Mimi Farrelly-Hansen, LPC, A.T.R.-BC, is an art therapist, artist, educator and author. For 25 years she has brought creative services to a wide variety of children, youth and adults ranging from persons with trauma histories or severe and persistent brain disorders to those seeking inner guidance and renewed vitality in times of stress, spiritual crisis or mid-life transition. A registered art therapist (A.T.R.) and licensed professional counselor (LPC), Mimi’s familiarity with inpatient and outpatient settings make her a skillful consultant and clinical supervisor.Mimi pioneered art therapy’s introduction into the state of Colorado. In 1978 she helped organize the Art Therapy Association of Colorado; in the late 80’s and early 90’s she taught undergraduate art therapy classes at the University of Colorado in Denver and the Institute of Transpersonal Psychology in Boulder; in 1992 she founded Colorado’s first graduate art therapy program at Naropa University, a program which she initially directed, then taught in part-time until 2004. Currently she focuses on providing workshops on creativity and self care to mental health service providers, on monthly women’s art retreats, and on teaching week-end workshops/classes based on her book, Spirituality and Art Therapy: Living the Connection (2001).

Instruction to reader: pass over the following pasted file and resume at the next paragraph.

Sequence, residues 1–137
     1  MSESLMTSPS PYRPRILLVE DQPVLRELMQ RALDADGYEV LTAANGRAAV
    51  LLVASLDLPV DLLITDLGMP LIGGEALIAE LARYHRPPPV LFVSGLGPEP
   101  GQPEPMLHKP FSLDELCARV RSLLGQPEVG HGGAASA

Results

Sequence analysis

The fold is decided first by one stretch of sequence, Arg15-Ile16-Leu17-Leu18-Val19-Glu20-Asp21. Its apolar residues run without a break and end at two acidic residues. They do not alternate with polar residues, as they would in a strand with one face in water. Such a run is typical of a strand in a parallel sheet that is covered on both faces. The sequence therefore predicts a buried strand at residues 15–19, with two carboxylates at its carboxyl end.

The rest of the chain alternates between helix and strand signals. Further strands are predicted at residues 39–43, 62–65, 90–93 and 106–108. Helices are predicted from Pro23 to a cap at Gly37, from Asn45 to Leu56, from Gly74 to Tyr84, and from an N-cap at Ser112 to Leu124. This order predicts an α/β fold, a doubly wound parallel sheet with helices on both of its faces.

Mimi’s deep connection to the natural world is reflected in her personal art making and in the workshops/retreats she leads. Her paintings and monoprints often feature specific plants and animals in highly textured, abstract color fields. Other large acrylic paintings use recognizable natural forms to explore mythical themes. Mimi exhibits regularly with Longmont’s annual Studio Tour. (from

Purchase your tickets to the Small Resources=Big Possibilities Art Auction here: TICKETS!

Inspired: Chab Dai’s work with sex trafficking in Cambodia